There’s a shade of blue that lives where the sun meets the horizon every morning. It sits in that mysterious space where darkness meets light, where night begins its rise into day. When you see it there’s a compulsion to simply stare as though it were a face in a crowd, familiar yet alluring in its strangeness. It’s an off-purple fading into blue grey.
There is no word for that shade. In Ojibwa there is no expression for it and English has met its match to come to definition of it. It is simply an impossible blue.
I discovered it for the first time in 1985. I was one of a group of aspiring storytellers gathered on Manitoulin Island. We were there for 10 days to sit with traditional elders, hear stories and teachings and work at incorporating those into the work we would do as storytellers. None of us were accomplished. We all merely carried the desire to create and to blend traditional oral storytelling with contemporary theatre, fiction and poetry.
The elders were there to provide the foundational structure to our work. As soon as we arrived they began to direct us, to lead us to places within ourselves and within our cultural lives where the spirit of stories lived. One of the first things they instructed us to do was to get ourselves outside early in the morning. They wanted us to be facing east as the sun came up over the trees. They wanted us to sit there without speaking and watch. Then they wanted us to tell them the story of what we saw there.
That first morning was chilly. It was late October and there was frost, the taste of snow in the wind and a scrim of ice at the edge of the small lake. Sitting on a large rock while first light broke on the horizon was hard. I’d had no coffee and the clothes I’d brought were insufficient for the season. But I sat there and watched and waited for something to occur.
At first there was nothing. Then, I began to discern swirls and shapes and patterns in the sky. All my time spent in cities had taught me that morning breaks sharply, shadows got put to flight and the sun came to dominate things. But what I saw that morning was an almost lazy roll into full morning. As the sun climbed higher, a wild palette of colours I had never imagined spread slowly across the skyline. I was awed, floored by it. When that feeling was on me the fullest, I saw impossible blue.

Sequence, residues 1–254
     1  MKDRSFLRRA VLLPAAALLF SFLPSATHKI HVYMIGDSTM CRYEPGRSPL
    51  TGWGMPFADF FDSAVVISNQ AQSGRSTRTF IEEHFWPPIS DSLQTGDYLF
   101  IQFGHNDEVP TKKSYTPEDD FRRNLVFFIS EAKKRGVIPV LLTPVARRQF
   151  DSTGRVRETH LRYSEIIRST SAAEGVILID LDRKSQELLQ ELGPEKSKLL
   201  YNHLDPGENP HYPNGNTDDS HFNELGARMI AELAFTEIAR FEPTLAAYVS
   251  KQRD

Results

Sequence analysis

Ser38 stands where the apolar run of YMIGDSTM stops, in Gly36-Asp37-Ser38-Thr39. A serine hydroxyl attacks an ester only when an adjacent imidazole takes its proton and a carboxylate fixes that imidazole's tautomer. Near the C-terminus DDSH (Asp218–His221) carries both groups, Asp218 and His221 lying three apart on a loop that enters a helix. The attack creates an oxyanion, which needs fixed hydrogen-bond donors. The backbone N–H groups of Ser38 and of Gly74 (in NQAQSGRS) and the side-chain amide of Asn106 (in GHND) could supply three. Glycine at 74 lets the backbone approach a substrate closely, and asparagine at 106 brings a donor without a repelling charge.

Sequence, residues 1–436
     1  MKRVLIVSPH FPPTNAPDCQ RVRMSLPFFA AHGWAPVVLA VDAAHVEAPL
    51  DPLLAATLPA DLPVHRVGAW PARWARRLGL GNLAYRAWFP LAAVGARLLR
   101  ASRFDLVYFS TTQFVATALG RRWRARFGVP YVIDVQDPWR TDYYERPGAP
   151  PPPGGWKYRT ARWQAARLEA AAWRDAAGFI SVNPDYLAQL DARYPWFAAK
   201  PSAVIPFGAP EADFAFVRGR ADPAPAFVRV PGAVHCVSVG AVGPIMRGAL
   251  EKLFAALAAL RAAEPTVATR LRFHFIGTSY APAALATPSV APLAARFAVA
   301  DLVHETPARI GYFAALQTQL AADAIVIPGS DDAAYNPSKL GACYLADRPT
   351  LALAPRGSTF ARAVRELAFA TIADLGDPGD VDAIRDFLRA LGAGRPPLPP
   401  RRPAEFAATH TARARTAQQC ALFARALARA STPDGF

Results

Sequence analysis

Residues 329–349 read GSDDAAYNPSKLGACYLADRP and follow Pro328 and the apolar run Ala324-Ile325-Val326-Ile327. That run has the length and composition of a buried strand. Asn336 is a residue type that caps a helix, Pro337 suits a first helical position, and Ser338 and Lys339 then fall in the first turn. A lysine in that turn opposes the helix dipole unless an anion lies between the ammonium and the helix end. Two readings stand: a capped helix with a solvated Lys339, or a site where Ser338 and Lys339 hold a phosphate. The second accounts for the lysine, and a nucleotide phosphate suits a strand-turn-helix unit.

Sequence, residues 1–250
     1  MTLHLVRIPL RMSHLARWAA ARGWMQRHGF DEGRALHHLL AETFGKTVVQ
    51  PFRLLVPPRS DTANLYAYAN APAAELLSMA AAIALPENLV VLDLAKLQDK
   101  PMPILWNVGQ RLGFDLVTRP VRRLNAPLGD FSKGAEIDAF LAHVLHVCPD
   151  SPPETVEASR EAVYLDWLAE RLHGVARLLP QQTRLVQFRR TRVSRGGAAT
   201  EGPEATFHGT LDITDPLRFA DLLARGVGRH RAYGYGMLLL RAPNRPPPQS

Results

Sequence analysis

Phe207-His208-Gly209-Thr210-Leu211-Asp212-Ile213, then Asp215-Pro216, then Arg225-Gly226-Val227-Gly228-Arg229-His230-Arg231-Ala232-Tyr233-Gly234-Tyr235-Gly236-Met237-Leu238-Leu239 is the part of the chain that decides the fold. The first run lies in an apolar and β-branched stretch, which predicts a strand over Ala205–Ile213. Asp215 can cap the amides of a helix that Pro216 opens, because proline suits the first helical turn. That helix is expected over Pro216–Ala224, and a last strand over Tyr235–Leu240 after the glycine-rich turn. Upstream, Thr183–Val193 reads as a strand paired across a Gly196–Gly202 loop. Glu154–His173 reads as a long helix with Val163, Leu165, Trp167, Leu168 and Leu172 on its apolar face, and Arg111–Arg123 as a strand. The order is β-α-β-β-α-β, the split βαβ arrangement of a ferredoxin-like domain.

It sat on the edge of darkness and light. When I saw it I recognized it immediately. But I didn’t know it with a memory or a specific recollection. Instead I recognized it by feeling. That incandescent blue awoke something inside of me and when I felt it stir to life I wanted to cry.
I told the elders that and they smiled. Then they told me that the blue was spiritual because it sat between dark and light. It represented both the emptiness of things and its fullness and because of that it carried the possibility of everything. When we are born, our spirits are just like that, they told me. But life happens and we learn to shut that possibility down. We learn rules and judgment and it shrinks it. The storyteller in us diminishes, weakens and lies dormant in us. When I saw that blue and felt it stir to life inside of me, my storytelling spirit was sparked to life again – and that was why I wanted to cry.
Over the next nine days, they showed me how to coax a flame out of that ember of spirit. We spoke of the rich protocol and tradition of storytelling. We talked of principles, values and the empowering energy of story both to the teller and the listener. We engaged in ceremony and ritual and every morning I took myself outside and sat on that rock and watched the light break across the sky. When I left there I felt alive, kindled to flame and eager to get to work.
Well, it’s 24 years later and I’ve become a storyteller. I’ve learned to integrate all those elders taught me into a body of work that gets bigger and bigger each year. But I still go out as early as I can some days to find that blue. It’s always there and it still affects me the same. I feel. I awakened inside – and then I go home to work on my stories.
We should all find that impossible blue, in the sky and in ourselves. It fills us and empowers us to tell each other the story of our lives. The fullness and the emptiness, all at the same time.
Richard Wagamese is Ojibway and the author of Keeper’n Me. He won the Canadian Author’s Award for Dream Wheels and his new novel, Ragged Company, is out from
Doubleday. He can be reached at firstname.lastname@example.org